Jim Molinelli is a licensed architect who has taught architecture at Texas A&M University. But he doesn’t see a bright future for people looking to get into the field.

To become a licensed architect requires five or six years of college and another three to five years of internships. “All that to earn far less than the public assumes, and provide a service that is not exclusive or in demand,” Molinelli said.

Molinelli points out that a lot of the services architects provide can be provided by people who do not have licenses.

“In the corporate world, engineers can do the same tasks, and in a residential application, anyone can draw plans for new homes or for remodeling permits as long as they comply with the current codes,” he said. “With the ability to do it yourself, or hire other non-licensed alternatives for work on housing, the public almost never sees a value in spending to hire an architect.”

6. Telephone Switchboard Reception

Yes, there are still a few people who work as operators, but their numbers have been declining for decades and are projected to fall another 33 percent in the next 10 years.

By 2020, there will be just 109,300 people working as switchboard operators.
Once again, blame technology. We even heard about an office that is using Amazon’s Alexa to direct phone calls to the right recipient. Texting, voice mail and other A.I.-enhanced systems could make this job obsolete even sooner than projected.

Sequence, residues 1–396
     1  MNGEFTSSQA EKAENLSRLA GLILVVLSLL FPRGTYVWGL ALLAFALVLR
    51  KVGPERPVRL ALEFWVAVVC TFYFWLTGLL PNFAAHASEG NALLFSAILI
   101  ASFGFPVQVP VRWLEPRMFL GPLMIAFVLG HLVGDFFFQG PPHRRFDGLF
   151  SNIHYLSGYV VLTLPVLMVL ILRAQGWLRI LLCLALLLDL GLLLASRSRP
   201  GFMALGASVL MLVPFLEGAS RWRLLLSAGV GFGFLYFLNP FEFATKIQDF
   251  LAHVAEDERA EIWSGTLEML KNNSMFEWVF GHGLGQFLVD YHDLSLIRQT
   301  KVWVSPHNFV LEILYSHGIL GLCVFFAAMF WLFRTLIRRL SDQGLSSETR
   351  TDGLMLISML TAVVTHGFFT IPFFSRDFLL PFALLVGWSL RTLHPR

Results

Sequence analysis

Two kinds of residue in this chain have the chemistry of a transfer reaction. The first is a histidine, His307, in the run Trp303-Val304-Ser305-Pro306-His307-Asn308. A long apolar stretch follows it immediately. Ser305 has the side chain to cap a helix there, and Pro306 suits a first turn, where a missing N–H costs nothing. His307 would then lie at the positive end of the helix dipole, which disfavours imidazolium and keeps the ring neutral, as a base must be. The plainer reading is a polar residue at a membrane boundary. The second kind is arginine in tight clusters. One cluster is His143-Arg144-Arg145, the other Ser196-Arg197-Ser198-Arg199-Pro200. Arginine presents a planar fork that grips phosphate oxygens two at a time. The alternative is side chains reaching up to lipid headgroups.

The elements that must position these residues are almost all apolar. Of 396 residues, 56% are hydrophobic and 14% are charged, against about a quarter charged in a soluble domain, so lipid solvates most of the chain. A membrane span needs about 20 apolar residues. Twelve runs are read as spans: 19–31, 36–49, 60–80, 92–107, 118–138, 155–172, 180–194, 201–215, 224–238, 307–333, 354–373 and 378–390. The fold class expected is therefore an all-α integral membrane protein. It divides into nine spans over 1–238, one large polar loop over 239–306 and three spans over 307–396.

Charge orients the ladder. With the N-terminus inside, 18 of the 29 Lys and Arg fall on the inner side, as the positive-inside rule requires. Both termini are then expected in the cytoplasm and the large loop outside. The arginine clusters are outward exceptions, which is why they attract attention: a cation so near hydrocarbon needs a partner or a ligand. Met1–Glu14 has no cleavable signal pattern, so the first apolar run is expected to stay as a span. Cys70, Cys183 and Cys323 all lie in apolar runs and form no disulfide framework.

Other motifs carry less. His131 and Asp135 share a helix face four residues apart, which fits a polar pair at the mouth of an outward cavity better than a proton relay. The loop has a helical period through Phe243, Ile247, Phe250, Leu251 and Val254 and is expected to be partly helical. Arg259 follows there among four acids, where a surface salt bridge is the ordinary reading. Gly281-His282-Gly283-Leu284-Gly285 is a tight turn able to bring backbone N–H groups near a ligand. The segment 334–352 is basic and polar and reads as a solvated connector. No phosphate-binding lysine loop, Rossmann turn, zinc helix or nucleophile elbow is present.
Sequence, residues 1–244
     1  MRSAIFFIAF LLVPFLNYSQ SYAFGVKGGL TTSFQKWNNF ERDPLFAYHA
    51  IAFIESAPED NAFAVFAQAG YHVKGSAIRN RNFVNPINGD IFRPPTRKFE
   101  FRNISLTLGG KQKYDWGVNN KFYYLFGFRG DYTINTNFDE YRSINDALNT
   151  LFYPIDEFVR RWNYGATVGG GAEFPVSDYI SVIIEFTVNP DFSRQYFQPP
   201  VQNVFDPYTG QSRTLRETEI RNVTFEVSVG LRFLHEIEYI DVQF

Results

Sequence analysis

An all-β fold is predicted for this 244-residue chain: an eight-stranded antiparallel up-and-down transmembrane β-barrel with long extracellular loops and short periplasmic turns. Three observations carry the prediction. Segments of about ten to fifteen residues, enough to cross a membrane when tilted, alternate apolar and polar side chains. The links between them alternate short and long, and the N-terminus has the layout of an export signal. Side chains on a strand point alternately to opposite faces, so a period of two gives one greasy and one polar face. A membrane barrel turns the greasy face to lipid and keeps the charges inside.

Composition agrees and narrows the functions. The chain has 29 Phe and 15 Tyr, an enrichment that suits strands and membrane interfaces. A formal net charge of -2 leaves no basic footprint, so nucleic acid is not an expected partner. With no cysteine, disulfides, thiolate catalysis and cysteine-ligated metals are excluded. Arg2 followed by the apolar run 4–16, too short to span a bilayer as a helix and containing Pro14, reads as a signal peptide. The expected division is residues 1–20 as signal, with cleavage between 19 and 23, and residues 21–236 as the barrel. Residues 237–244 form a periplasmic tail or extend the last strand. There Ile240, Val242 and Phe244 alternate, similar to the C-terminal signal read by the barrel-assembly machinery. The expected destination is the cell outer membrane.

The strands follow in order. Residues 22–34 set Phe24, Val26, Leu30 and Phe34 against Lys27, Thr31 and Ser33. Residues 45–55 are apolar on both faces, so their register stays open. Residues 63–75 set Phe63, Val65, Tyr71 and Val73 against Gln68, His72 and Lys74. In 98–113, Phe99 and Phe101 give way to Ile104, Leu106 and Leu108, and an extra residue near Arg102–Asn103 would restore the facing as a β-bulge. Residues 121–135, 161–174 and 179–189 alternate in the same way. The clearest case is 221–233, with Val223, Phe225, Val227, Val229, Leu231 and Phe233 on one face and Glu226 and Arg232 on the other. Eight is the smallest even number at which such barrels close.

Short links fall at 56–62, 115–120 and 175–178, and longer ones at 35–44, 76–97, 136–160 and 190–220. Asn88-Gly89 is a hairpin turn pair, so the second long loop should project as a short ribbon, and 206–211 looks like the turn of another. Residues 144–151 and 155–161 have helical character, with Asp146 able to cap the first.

7. Door-To-Door Salespeople

It really is the death of the salesman: About one in five of these jobs will be gone by 2026, according to BLS. Targeted, online advertising is far more efficient than having someone brave the elements, over-protective dogs and customers who just aren’t interested.

There are, however, still plenty of opportunities for salespeople. Insurance sales agents, earn close to double what door-to-door salesmen earn, and their numbers are growing: the number of people working in the field will expand by 10.6 percent to 651,215 by 2026.

8. Travel Agent

Thanks to online travel booking sites, everyone is their own personal travel agent these days. The Bureau of Labor Statistics (BLS) projects that the number of travel agents will decline by 12 percent over the next ten years.

There is, however, an alternative career on the rise. The Occupational Outlook Handbook predicts an increase in the need for people who are experts in specific destinations or particular types of travelers. That could include corporate, luxury, study abroad or travellers over 55.

9. Middle Managers

The paper pushing done by middle managers is increasingly being done by enterprise software like Oracle and Salesforce. People in those jobs, 6SC said, should focus on revenue-producing functions like client relationships, sales or new product development.

10. Financial Planners

Tasks once performed by low-level retail financial planners are quickly being outsourced to planning software, apps, robo advisors and investing algorithms, 6SC says.

But, he added, an “opportunity remains for those than can implement market-timing strategies along with asset protection and risk mitigation.”

Top 10 Dying Professions DUE TO Disruption